Publication Party / Movement History - State / Democracy - Political Parties / Election Analyses - Participation / Civil Rights - Africa - East Africa Burundi’s Enduring Legacy of Ethnic Violence and Political Conflict

Without a fundamental change of course, the country’s spiral of violence threatens to continue



February 2019

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A protester sets up a barricade during a protest against Burundi President Pierre Nkurunziza and his bid for a third term in Bujumbura, Burundi, May 22, 2015. REUTERS/Goran Tomasevic

There is blood everywhere in Burundi. I want to forget about that country including my name but I cannot. Awake or in sleep, I am taunted by memories of the people I heard screaming before they were hacked to death and the brutally massacred dead bodies I jumped trying to escape into Congo. The dead bodies are everywhere. I feel sorry for my children who have witnessed the violence and deprivations that no child should ever be exposed to.

 -Santiana Marie, a Burundian refugee in the Democratic Republic of Congo

Burundi’s recent wave of violence, political unrest, and human rights violations commenced in April 2015 when President Pierre Nkurunziza broke with the constitution and announced he was running for a third term. Government security forces, intelligence services, and the ruling party’s youth league (known as the “Imbonerakure”) began targeting dissidents both real and imagined. Since then, Burundians have experienced killings, abductions, torture, rape, intimidation of suspected opponents, and arbitrary arrests forcing people like Santiana to seek refuge in neighbouring countries. The situation continues to deteriorate as the government suppresses freedom of expression and cracks down on human rights activists, humanitarian organizations, and journalists. On 17 May 2018 Burundians were forced to participate in a constitutional referendum designed to enable Nkurunziza to remain in power until 2034, but Nkurunziza later announced he would step down at the end of his current term in 2020. Prior to the referendum the president warned Burundians that anyone who dared to “sabotage” the revision of the constitution “by word or action” would be crossing “a red line”. On 27 September Burundi’s National Security Council suspended international non-governmental organizations for failing to comply with the ethnic quota law stipulating that recruitment procedures must target 60 percent Hutu and 40 percent Tutsi, aggravating the longue durée of Hutu–Tutsi division. As Burundi prepares for the 2020 elections, the country is once again heading into a perilous future since the power sharing institutions between Hutu and Tutsi that were created during the Arusha Accord and enabled the country to avoid bloody conflicts between 1993 and 2005 have been eroded.

Burundi’s intractable ethnic conflict(s), violence, political unrest, human rights violations, corruption, impunity, war crimes, and crimes against humanity are rooted in the country’s colonial past. The Belgian separation of Burundi from Ruanda-Urundi, leading to the creation of an independent Burundi kingdom under king Mwambutsa IV with a Hutu majority (about 85 percent) and Tutsi minority (about 15 percent), fostered ethnic polarization, mutual hatred, and persistent violence. As was the case in Rwanda, the Belgians considered the Tutsi the superior race and entrusted them with administrative matters, while the Hutu, perceived as inferior, were at the service of the Tutsi. After colonialism, post-independence Burundi was shaped by undemocratic political processes, unscrupulous indigenous political elites, weak state institutions, ethnic polarization and its influence on political behaviour, and the structural injustices that reinforce poverty and underdevelopment. The search for national reconstruction, unity, peace, truth, reconciliation, justice, and development has proven difficult under these circumstances. Peacebuilding processes so far have included the Arusha Peace and Reconciliation Agreement (APRA) and the establishment of the Truth and Reconciliation commission (TRC), as well as the July 2015 East African Community (EAC) selection of President Museveni as the mediator for inter-Burundian dialogue and former Tanzanian President Benjamin Mkapa as the facilitator. However, these processes failed to deliver a comprehensive package of democratic transfer of political power, economic security, reconciliation, and restorative and retributive justice between the two ethnic groups. Recurrent conflicts suggest that issues dating back to the colonial era must be addressed for sustainable peace, security, and development to occur. Anything less is like placing a Band-Aid over a gaping wound.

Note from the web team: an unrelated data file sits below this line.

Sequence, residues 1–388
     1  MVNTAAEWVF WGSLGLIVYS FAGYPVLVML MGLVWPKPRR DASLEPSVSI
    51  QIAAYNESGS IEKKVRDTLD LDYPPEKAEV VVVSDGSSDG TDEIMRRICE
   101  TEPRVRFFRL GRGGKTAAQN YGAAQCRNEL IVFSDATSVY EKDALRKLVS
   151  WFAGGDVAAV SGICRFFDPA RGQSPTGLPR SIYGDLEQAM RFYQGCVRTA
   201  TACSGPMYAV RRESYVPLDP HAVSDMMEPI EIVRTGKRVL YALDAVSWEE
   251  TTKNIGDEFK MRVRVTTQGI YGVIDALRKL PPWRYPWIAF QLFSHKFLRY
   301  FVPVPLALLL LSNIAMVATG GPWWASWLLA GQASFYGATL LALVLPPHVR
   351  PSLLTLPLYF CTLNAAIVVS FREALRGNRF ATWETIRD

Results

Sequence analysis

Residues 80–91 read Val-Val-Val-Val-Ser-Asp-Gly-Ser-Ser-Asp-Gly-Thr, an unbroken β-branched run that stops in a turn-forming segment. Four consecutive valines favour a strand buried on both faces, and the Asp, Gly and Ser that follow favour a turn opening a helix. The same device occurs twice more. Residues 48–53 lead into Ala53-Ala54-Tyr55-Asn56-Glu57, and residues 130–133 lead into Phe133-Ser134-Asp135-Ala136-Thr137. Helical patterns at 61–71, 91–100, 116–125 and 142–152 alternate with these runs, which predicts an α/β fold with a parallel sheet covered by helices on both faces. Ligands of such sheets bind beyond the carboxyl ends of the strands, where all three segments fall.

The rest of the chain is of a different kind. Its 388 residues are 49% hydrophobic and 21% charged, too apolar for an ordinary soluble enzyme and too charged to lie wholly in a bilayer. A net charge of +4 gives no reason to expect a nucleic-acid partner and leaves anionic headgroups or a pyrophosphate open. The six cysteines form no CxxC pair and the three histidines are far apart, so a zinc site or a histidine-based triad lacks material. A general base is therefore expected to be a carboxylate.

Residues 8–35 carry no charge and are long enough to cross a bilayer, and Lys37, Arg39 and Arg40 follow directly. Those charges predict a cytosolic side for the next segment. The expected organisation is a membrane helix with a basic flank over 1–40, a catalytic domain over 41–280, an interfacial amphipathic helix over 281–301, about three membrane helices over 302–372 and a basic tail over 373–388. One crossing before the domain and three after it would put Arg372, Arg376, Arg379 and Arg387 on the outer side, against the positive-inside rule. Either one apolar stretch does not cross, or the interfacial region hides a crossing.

A Troubled History

Although the violence in Burundi sparks international outcry, it shows no signs of abating. In order to establish why Burundi’s predicament remains volatile and what is needed to construct sustainable peace, security, and development, it is crucial to examine the socio-political evolution of the conflict. The present cannot be dissociated from the past.

The original inhabitants of Burundi were the Twa people, later squeezed out by the migration of the agriculturalist Hutu and pastoralist Tutsi. Prior to colonization, Burundians co-existed peacefully in a social-political hierarchy under the leadership of the king (Mwami) who was neither Tutsi nor Hutu. Below the king were the Tutsi-Banyaruguru, followed by ordinary Tutsi pastoralists and Tutsi-Hima, and then the agriculturalist Hutu masses and Twa hunters. The Baganwa (king’s sons) served as intermediaries between the king and the people. There were also the custodian of justice, the Bashingantahe (drawn from both the Hutu and Tutsi), who mediated and settled social conflicts.